When I woke up Saturday to find a message on Discord from Rhivre, the editor-in-chief of INN, asking to discuss a recent blog post, I knew I'd fucked up. Especially when the blog post involved looking at data from the Monthly Economic Report. Basically, the data on my graphs labeled as coming from June 2019 did not come from June 2019. Crap.
Rhivre thought I'd merely mislabeled the data. But a quick investigation discovered something worse: I'd pasted the data from June 2018 into my data set as June 2019. So instead of comparing activity right before the null sec communications blackout began with the end of the year, I was comparing data from 18 months previously.
The mistake basically was a misclick. I opened the wrong file to copy and paste out of. The RegionalStats.csv file included with every MER only contains that month's regional data. In order to have one data set, I copy the contents of the file into a spreadsheet every month and use that to run my scripts against. Fortunately, June 2019 was the only month affected.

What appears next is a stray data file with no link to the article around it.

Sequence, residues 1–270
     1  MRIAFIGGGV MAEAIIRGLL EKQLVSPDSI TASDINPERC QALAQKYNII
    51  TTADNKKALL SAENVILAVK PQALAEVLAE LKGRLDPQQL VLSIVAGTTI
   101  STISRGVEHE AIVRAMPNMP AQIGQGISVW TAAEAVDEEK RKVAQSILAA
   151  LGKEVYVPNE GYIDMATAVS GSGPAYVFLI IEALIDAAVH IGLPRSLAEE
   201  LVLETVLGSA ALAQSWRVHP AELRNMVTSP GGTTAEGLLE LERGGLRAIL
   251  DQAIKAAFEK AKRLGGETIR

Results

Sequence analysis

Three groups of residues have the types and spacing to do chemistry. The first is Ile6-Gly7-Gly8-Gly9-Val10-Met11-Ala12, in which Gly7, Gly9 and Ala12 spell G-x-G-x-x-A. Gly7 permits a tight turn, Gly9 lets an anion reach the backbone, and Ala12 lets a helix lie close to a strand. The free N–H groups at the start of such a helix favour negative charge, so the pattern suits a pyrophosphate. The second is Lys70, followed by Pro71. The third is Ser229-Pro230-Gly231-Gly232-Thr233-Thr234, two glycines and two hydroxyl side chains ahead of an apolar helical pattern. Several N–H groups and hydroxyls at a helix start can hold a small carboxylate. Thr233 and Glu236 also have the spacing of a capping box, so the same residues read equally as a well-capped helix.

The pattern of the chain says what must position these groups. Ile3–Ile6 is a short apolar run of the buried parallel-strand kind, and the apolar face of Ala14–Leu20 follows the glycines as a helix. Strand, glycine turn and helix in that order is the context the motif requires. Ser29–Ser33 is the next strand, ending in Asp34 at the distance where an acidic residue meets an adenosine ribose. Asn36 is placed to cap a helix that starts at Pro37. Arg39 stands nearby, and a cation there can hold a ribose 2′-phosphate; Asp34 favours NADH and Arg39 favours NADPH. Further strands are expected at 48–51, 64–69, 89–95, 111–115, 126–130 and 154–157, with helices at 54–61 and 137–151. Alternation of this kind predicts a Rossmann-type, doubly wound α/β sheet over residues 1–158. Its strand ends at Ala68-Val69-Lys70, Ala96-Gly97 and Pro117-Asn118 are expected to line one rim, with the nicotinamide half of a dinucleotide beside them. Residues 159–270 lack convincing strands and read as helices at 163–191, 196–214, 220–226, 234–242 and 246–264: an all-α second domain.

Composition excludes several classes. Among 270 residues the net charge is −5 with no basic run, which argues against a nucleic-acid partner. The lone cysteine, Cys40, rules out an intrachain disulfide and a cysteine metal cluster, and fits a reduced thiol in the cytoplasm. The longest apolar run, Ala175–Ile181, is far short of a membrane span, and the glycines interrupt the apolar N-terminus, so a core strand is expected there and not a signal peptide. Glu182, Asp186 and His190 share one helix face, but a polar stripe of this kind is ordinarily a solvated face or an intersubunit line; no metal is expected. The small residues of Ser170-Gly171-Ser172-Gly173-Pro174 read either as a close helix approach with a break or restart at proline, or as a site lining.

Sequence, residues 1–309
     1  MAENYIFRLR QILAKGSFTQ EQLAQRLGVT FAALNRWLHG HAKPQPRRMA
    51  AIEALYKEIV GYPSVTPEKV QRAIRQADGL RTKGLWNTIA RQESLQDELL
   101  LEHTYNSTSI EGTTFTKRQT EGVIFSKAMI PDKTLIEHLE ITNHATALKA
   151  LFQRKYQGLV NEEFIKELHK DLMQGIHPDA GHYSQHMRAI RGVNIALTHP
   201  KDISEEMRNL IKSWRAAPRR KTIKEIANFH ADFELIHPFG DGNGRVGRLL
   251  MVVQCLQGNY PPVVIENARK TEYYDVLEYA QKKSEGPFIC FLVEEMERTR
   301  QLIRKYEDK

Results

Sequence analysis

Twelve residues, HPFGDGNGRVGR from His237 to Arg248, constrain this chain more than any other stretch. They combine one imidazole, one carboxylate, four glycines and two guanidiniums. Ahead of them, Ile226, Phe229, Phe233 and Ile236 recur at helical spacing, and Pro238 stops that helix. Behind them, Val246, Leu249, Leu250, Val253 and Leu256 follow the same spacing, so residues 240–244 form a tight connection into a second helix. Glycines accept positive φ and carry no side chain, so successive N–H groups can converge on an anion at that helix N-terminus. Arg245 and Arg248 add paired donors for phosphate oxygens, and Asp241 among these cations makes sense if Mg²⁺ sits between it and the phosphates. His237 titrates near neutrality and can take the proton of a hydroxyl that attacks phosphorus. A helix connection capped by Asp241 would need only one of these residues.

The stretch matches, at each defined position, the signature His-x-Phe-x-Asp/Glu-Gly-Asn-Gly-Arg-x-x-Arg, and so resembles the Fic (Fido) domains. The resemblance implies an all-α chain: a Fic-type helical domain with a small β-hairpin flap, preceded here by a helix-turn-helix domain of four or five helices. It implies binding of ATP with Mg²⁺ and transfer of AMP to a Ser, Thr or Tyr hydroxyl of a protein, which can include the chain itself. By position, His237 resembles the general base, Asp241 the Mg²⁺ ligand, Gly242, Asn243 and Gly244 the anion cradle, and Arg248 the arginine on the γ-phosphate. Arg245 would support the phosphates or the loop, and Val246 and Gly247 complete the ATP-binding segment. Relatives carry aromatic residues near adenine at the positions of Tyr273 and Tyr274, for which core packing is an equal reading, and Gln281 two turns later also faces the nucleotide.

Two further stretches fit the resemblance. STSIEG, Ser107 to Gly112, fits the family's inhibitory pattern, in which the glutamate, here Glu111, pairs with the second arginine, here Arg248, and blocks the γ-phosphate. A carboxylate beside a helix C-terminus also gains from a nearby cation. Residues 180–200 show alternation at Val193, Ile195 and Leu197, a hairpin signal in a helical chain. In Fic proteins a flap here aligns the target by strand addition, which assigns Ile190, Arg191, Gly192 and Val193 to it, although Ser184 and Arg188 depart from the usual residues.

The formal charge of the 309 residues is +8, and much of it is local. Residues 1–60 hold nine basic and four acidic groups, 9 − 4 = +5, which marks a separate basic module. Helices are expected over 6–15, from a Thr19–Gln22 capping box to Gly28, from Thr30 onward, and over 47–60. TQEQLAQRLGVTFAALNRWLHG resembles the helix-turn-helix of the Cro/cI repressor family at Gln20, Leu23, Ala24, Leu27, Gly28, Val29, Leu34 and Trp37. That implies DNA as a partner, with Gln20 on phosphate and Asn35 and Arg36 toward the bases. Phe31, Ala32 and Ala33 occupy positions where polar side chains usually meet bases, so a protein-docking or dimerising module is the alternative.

But really, I made another mistake. I shouldn't have compared a summer month to a winter month. I should have compared December 2019 to December 2018. The graph still shows Delve ridiculously far out in front in December 2018. Also, the tremendous shrinkage in the value of the PvE activity is still clear. But, I would have accounted for seasonal variations comparing one December with another.
Even with the mistake, I don't intend to give up performing analysis of the New Eden economy. Like a lot of EVE players, I like graphs and charts. I also need to practice R skills like creating charts and graphs. In my classes, I'll go a month at a time without creating a data visualization and then at the end of the class, I have to go through my notes to see how to create a graph.
In the future, I'll try to produce graphs at a more cluster-wide level. I do have an idea for producing graphs at the Empire level for all the high and low sec players. I just need to make sure I have everything correct, including the data. As the old saying goes, garbage in, garbage out.